Walking into Grand Ole Opera, created by the artists Brent Stewart and Willie Stewart (no relation), feels like entering the scattered debris of adolescent nightmares. Currently on view at Pioneer Works in Red Hook, the installation takes up almost the entire ground floor of the former iron factory, consisting of two large trailer-homes, a functional bar, a truck, and a stage that will periodically host concerts. How all these different pieces connect is not immediately clear. The viewer is left with empty spaces and a series of clues, like stumbling into an abandoned movie set.
The spaces Stewart and Stewart created for Grand Ole Opera are not meant to portray a form of realism. Instead, they are highly specific and strange. The first part of the installation you encounter is a partially-built room — freshly vacuumed carpet, vanity mirror, turntable — not unlike the type of space you would see in a typical suburban home. What sets it off-kilter is that it is cast in a menacing and unnatural red light. Something has happened here, it seems, but what exactly is not clear. Then you turn around and notice the taxidermy deer sitting on the ground not far away, watching the room as well.
The longer you roam around the space, the more connections begin to form. But if you’re observant (or sober) enough to find it, there is something akin to a mood board hidden toward the back corner of the installation. Behind the working bar — designed by Jason Grunwald along with Greg Minnig of the biker-chic fashion label Deth Killers of Bushwick — the wall is plastered with a lifetime’s supply of leftover junk: old license plates, tattered newspaper clippings, covers from Outlaw Biker magazine, and a poster for deceased WWE wrestler Jake “The Snake” Roberts. Teen vampire classic The Lost Boys (1987) plays on one of the television screens overhead, while a Dixieland pinball machine and an out-of-commission Yamaha XT dirt bike are parked nearby. Although the installation takes its name from the Grand Ole Opry, Nashville’s weekly country music concert series at the Ryman Auditorium, what Stewart and Stewart have created here is more reminiscent of the decorated walls of Tootsie’s Orchid Lounge, the bar behind the Ryman, where musicians would escape between sets to grab a quick drink (or ten). In opposition to the squeaky-clean image of the Ryman — where the beautiful stained glass windows make you feel like you’re in a church — the walls of Tootsie’s are littered with the broken memories of thousands of drunken nights. A secret history of the city and its residents can be found on the bar’s walls.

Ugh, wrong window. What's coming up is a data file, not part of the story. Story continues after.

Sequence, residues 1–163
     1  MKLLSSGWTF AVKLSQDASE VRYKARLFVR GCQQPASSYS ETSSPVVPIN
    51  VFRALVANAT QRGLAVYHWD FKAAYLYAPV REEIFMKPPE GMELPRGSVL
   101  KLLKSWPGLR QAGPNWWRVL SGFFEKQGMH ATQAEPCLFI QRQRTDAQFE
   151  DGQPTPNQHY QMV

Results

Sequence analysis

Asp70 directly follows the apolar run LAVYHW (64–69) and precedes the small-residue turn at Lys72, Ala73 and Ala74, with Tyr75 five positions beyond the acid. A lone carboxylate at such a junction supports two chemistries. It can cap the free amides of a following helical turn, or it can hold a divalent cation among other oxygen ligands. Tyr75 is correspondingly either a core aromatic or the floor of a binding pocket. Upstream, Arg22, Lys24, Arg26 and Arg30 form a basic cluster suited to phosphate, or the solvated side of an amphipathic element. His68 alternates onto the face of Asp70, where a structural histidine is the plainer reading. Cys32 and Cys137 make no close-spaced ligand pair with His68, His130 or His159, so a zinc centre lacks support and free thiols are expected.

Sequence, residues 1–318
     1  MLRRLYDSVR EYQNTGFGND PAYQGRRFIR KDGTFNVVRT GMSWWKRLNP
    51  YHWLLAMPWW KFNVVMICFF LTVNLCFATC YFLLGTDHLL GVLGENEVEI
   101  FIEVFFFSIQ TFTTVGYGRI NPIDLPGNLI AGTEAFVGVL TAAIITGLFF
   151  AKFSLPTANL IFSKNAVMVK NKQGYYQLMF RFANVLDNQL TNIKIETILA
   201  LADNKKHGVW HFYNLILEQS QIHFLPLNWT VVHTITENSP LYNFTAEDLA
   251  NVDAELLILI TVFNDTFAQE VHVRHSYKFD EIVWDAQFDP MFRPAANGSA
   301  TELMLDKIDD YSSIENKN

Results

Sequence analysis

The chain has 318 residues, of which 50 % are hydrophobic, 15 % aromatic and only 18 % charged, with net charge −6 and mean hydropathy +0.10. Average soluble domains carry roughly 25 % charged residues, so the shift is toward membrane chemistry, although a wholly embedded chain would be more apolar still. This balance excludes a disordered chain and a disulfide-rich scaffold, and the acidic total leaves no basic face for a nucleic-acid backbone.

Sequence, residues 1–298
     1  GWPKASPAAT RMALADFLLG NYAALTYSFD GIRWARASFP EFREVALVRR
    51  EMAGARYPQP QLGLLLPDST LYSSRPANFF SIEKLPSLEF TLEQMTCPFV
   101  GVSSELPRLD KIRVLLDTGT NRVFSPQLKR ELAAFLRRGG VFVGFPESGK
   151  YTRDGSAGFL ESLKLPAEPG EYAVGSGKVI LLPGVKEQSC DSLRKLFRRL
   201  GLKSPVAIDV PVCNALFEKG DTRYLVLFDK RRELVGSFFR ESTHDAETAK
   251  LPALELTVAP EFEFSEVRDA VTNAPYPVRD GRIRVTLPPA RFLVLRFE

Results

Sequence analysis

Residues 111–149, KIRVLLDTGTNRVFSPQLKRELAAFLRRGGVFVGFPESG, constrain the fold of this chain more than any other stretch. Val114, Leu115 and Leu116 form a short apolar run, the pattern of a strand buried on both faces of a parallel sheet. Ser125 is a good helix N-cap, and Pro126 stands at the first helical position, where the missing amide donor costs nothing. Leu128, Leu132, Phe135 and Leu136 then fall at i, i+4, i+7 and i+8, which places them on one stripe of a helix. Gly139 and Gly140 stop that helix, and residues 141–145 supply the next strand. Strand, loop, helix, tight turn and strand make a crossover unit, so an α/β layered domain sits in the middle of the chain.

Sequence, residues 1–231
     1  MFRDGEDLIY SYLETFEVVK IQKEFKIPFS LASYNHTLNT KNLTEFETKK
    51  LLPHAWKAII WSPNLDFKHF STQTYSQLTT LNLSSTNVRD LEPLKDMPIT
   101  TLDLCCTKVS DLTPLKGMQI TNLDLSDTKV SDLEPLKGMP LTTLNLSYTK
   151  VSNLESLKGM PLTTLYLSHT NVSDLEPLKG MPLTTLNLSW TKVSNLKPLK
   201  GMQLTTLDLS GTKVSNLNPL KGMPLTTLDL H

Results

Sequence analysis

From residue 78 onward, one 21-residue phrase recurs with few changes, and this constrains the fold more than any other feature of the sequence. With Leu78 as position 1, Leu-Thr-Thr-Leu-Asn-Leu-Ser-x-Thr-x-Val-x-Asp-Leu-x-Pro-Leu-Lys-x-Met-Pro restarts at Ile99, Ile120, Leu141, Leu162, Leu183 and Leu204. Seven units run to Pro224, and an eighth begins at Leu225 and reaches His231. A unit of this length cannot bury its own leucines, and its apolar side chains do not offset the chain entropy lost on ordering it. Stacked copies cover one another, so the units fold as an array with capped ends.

Something similar can be found on the wall behind the bar of Grand Ole Opera. Look closely and you can spot certain inconsistencies. The most telling is the presence of Mike Kelley, whose face appears twice on the wall. Like Kelley, Stewart and Stewart present childhood as a time of confusion and conflict, a site of repressed traumas related to the family. Like in Kelley’s later work, most notably “Educational Complex” (1995) and “Mobile Homestead” (2013), this trauma is directly linked to what is missing from recognizable spaces.